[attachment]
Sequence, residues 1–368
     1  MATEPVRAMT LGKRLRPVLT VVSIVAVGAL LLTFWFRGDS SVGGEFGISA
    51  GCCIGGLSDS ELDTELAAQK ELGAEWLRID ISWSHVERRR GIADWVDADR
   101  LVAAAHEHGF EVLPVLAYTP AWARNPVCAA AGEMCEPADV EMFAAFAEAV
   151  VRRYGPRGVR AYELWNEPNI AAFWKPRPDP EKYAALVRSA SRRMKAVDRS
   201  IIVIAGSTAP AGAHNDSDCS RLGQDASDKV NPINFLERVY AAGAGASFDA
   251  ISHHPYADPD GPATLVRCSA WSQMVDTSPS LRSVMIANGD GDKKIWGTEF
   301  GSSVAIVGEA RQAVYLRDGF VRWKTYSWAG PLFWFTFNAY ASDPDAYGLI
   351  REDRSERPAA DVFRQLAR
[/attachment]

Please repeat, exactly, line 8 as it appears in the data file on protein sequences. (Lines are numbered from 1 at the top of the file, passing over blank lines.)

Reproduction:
   301  GSSVAIVGEA RQAVYLRDGF VRWKTYSWAG PLFWFTFNAY ASDPDAYGLI